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Ethnic and Gender Distribution of Sociologists and Anthropologists, 1971-96: Canada

M. R. Nakhaie
The Canadian Journal of Sociology / Cahiers canadiens de sociologie
Vol. 26, No. 2 (Spring, 2001), pp. 215-232
DOI: 10.2307/3341679
Stable URL: http://www.jstor.org/stable/3341679
Page Count: 18
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Ethnic and Gender Distribution of Sociologists and Anthropologists, 1971-96: Canada
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Abstract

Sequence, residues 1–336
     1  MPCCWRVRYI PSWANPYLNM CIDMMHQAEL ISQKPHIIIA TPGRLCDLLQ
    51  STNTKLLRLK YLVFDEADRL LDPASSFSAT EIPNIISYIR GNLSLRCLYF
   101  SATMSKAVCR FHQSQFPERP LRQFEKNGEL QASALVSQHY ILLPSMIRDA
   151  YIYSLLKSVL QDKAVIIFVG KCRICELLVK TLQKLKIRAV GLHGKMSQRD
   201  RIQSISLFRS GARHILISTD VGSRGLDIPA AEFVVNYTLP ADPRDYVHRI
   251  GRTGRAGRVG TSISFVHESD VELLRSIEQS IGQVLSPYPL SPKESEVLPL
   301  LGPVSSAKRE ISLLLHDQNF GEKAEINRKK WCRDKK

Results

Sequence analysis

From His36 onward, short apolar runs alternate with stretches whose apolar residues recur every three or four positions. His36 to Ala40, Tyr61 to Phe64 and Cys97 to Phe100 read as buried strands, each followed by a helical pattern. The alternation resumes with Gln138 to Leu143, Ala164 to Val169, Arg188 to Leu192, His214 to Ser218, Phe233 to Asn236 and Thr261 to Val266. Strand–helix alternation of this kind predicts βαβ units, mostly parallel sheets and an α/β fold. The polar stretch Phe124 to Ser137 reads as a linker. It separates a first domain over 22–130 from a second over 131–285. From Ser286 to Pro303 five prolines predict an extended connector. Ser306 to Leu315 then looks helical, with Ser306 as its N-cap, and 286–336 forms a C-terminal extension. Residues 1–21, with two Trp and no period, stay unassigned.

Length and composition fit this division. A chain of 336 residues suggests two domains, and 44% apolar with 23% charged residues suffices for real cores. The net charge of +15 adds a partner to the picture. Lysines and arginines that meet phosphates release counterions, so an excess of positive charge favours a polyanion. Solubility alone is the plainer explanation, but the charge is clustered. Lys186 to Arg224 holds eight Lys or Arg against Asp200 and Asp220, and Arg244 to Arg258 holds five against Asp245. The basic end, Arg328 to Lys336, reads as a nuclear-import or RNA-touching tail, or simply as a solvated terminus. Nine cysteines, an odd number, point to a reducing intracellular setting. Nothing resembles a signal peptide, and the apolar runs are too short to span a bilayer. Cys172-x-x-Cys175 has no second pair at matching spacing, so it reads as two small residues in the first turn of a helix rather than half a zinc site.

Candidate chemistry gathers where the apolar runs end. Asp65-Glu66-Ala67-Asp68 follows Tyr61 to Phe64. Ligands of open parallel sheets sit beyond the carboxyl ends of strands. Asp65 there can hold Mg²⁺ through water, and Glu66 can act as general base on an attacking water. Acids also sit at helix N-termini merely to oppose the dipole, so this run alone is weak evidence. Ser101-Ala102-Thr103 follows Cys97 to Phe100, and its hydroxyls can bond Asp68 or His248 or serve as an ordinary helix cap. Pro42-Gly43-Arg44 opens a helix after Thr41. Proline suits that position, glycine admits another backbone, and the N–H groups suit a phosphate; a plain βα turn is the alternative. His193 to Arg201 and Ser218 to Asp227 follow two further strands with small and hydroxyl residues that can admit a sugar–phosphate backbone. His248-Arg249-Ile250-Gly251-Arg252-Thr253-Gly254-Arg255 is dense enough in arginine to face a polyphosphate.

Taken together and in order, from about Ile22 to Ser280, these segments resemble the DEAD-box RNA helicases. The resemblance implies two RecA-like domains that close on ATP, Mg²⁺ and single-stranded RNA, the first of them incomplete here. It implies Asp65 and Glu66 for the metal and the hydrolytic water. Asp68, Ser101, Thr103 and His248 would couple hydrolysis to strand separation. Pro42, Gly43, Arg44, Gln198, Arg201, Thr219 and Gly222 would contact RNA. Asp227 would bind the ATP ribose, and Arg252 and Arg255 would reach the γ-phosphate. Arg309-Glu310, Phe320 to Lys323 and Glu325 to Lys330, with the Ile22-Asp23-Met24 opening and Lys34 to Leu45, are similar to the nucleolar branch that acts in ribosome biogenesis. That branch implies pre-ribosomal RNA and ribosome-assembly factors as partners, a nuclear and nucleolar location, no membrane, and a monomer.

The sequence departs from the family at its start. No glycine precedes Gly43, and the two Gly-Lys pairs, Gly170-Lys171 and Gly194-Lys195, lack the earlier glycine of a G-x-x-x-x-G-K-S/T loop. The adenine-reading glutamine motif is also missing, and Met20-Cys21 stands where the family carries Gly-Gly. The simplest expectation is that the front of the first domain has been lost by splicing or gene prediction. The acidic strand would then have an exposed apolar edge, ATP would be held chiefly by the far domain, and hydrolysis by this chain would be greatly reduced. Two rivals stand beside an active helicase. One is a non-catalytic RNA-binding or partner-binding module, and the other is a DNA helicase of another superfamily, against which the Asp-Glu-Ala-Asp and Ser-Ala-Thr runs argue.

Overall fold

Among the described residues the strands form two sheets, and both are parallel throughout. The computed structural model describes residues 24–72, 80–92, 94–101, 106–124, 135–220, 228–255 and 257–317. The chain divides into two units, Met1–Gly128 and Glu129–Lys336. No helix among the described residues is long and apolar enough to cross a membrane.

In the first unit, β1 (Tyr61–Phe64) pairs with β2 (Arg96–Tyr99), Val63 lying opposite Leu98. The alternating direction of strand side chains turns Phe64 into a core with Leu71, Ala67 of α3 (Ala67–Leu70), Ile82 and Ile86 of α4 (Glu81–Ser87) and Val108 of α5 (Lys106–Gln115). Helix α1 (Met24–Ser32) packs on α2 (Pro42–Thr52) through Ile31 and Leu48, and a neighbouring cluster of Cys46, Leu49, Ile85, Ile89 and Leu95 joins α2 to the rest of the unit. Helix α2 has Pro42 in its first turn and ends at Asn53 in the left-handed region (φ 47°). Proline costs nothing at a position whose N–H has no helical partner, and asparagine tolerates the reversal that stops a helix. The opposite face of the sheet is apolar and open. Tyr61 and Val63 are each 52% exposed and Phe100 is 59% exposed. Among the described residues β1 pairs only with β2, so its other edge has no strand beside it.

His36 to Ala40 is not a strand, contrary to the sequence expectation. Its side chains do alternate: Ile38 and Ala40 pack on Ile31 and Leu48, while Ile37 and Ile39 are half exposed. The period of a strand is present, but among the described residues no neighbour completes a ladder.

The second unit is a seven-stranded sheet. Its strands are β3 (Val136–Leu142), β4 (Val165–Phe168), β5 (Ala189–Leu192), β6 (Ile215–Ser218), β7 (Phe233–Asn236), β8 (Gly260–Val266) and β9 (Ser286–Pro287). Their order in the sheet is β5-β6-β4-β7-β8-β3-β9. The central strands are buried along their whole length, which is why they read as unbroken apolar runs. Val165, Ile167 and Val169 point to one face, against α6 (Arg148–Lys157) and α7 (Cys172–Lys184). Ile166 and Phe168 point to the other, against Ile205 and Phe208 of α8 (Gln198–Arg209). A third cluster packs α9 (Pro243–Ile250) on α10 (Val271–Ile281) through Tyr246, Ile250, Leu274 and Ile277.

This paper evaluates the distribution of males and females of British, French and "other" ethnic origins among sociology and anthropology professors from 1971 to 1996. The results suggest that there has been a steady increase in the proportion of females compared to males, however, most of the increase has been experienced by women of British and French origins. The British and French females increased their representation both in terms of first time employment into the rank of assistant professor and with respect to promotion to higher ranks. In contrast, females of "other" ethnic origins were less likely to move into the university setting, but, once there, they were more likely to move up into higher ranks. In general, the study suggests that we should not view the category of "woman" as monolithic: British women are more privileged than French and "non-charter" women and men in the academy. /// Cet article évalue la distribution des hommes et des femmes d'origine ethnique britannique, française et celles qui appartiennent à "d'autres ethnies" parmi les professeurs de sociologie et d'anthropologie de 1971 à 1996. Les résultats suggèrent qu'il y a eu une augmentation constante dans la proportion des femmes comparées aux hommes mais la plus grande augmentation a eu lieu parmi les femmes d'origine britannique et française. Les femmes britanniques et françaises ont augmenté leur participation à la fois en termes d'un premier emploi au rang de professeur adjoint et dans le cas de promotions aux rangs supérieurs. Par contre, il est moins probable que des femmes d'origine ethnique "autre" trouvent des postes universitaires mais, une fois qu'elles les obtiennent, il est plus probable qu'elles passent à un rang supérieur plus rapidement. En général, notre étude indique que nous ne devrions pas interpréter la catégorie de "femme" comme étant monolithique: en ce qui concerne les carrières universitaires les femmes britanniques sont plus privilégiées que les femmes françaises et que les femmes et les hommes désignés comme des "non-membres de la Charte."

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